If you’re looking to invest in a solar power system or even if you already have one, you may have plenty of questions around how solar works and, in particular, how solar panels operate under different conditions.

Some of the more common questions around solar panel production include:

How do solar panels work?

Do solar panels work in the shade?

Do solar panels work in low light?

Do solar panels work on cloudy days?

Do solar panels work on rainy days?

Do solar panels work at night?

There are all really valid questions!

To fully understand the answers it’s useful to first have some basic knowledge of the two main systems that solar panels work under: DC and AC systems.

This may seem complex at first, but rest assured an experienced One Power advisor can step you through these options and ensure that the system you choose is the best solar power system for your situation.

Solar panel systems: DC and AC

Not to be confused with the iconic Aussie rock band, AC and DC refer to the two main systems that solar panels are grouped under for home or business use.

#1 String or DC System

The DC or String System is historically the most installed method of solar throughout the world and continues to be the most common.

A String System usually comprises one main solar inverter that is installed at the ground level of a home or business.

The inverter usually has a screen displaying the system’s readings and can also be connected via WiFi to an app that you can access on your tablet, phone or laptop from remote locations.

#2 Micro or AC System

The AC or Micro System is a newer method of installation whereby a smaller individual inverter is installed under each panel, and in some cases, one for every two panels.

These inverters don’t have a screen display. The information on the system is only available via WiFi connection.

A Micro System requires more components to operate than that of a String System and therefore can have more points of failure.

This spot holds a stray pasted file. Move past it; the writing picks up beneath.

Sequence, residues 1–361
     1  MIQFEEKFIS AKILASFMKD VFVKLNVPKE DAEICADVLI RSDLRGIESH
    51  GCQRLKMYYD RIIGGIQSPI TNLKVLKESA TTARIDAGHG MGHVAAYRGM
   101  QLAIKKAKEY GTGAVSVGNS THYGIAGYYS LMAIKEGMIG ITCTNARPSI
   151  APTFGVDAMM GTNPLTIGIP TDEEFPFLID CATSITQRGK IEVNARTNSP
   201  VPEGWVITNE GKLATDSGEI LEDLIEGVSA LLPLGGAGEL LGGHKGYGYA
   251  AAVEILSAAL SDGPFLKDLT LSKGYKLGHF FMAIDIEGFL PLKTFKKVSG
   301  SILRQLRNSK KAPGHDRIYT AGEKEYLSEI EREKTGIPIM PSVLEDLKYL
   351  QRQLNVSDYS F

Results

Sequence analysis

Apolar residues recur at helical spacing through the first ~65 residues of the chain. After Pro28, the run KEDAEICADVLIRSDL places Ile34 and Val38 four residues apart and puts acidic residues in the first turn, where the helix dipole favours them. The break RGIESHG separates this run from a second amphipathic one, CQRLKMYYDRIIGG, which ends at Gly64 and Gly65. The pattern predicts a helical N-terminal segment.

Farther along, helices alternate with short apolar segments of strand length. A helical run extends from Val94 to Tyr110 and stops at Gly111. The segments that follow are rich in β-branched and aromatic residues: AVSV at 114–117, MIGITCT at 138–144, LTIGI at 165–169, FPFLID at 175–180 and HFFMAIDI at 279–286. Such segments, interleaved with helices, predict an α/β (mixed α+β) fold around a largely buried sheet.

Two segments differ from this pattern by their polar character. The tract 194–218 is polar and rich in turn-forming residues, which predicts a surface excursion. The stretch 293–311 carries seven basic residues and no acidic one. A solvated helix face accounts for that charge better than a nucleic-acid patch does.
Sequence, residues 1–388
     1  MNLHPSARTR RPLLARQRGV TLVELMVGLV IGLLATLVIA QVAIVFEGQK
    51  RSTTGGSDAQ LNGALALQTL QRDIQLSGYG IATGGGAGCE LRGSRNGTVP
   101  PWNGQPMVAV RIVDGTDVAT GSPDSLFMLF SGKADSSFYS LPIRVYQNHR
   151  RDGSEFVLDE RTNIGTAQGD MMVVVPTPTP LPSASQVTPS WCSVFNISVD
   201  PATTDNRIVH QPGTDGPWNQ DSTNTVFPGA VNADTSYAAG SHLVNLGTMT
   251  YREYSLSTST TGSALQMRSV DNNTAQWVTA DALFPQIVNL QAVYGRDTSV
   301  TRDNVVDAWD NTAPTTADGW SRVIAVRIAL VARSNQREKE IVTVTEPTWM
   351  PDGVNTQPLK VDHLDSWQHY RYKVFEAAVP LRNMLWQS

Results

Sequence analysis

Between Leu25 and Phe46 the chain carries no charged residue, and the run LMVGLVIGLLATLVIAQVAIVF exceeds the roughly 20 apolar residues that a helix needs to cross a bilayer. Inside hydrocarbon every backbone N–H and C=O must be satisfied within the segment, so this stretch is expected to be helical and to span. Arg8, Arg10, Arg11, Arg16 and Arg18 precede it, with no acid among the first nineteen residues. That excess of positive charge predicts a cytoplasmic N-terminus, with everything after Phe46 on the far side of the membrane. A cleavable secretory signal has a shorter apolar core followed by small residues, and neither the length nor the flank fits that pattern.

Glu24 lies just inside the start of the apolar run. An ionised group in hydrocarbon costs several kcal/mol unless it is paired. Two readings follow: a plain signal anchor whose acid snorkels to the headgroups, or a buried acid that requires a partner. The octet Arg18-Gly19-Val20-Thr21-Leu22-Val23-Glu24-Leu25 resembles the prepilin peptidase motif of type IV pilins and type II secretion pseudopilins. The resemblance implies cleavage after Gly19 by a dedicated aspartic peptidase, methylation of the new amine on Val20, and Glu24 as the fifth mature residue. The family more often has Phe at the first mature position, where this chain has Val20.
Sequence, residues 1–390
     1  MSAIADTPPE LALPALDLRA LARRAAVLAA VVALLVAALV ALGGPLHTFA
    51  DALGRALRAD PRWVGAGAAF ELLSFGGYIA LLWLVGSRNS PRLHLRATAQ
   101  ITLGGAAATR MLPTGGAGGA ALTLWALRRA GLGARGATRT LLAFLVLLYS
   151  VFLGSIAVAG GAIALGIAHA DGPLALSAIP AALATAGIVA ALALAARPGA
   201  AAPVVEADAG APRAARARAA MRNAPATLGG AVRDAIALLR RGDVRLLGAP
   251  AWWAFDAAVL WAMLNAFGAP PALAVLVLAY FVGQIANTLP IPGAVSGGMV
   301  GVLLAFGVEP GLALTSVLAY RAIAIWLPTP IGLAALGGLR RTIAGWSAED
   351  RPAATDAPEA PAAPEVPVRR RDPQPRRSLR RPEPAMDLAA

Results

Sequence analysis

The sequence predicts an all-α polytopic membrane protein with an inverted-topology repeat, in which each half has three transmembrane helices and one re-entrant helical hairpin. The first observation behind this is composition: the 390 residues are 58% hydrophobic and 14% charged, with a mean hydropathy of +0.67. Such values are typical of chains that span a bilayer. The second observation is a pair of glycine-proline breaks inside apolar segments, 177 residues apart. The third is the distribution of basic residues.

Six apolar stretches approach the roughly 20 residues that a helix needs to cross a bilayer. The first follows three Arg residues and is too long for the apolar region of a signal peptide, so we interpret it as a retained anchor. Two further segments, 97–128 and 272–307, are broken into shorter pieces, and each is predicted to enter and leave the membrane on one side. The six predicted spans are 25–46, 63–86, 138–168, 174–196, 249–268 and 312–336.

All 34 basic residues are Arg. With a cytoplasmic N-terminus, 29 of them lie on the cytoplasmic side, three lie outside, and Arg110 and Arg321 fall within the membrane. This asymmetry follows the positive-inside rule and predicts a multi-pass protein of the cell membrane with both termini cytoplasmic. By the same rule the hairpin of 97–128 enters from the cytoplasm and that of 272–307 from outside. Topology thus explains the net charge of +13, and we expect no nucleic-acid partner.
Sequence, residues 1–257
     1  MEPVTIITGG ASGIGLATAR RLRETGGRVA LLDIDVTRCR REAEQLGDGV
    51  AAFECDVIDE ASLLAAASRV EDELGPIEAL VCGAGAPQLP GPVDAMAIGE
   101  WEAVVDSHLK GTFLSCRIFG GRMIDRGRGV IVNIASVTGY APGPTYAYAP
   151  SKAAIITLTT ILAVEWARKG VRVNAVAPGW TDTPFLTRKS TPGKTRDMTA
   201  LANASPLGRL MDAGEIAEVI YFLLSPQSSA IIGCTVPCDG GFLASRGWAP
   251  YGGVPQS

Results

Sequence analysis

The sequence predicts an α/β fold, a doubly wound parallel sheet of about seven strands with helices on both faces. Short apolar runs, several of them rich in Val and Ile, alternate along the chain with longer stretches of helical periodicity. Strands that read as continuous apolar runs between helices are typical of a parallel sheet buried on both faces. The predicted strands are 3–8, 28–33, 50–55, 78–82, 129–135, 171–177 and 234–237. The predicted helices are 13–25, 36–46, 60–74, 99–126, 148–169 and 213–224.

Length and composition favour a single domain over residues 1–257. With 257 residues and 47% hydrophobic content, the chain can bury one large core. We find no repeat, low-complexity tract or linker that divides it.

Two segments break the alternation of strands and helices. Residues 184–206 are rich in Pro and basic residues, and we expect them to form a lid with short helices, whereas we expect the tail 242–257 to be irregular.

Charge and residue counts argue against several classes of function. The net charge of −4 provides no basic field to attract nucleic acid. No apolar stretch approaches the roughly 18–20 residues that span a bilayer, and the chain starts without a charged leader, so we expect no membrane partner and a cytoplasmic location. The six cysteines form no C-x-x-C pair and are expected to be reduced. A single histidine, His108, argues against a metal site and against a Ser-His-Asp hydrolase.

Which is the best solar system?

If you’re assessing each system based on its potential to save you money, then the short answer is that a DC string system will suit 97% on properties installing solar.

Some would argue that an AC system is a better choice as the panels can work independently of one another in the case of shade or orientation restrictions.

While that was once true, the development of DC Optimisers allows panels in a String System to have multiple orientations and to be positioned in shade without reducing the efficiency of the other panels.

The main core difference between the two systems today is that the AC system has multiple inverters and the DC system has one main inverter.

The main core difference between the two systems today is that the AC system has multiple inverters and the DC system has one main inverter.

What is a DC Optimiser?

A DC Optimiser is DC to DC converter technology and is used to connect one, some or all panels in a system and enable them to operate as independent panels.

These optimisers can increase energy output, reduce string losses from shade, and allow system expansion into areas of a roof that have different orientation or pitch.

What is a Micro Inverter?

A Micro Inverter is a small, individual DC to AC converter which is connected to one or two solar panels.

These are located on a rooftop and do not have a display for the customer, instead readings are available via WiFi connection to your phone or device.

A Micro Inverter offers the same benefits as a DC Optimiser, however using a Micro Inverter means all panels in the system must have a micro inverter incorporated, unlike a DC Optimiser which can be connected to as little as one panel.

Let’s take stock for a moment and consider these stats…

How a Solar System works
Some solar system statistics from One Power

Now that you’ve got a basic understanding of the main systems and how they work, let’s look at some of the more common questions concerning solar power production under various light conditions.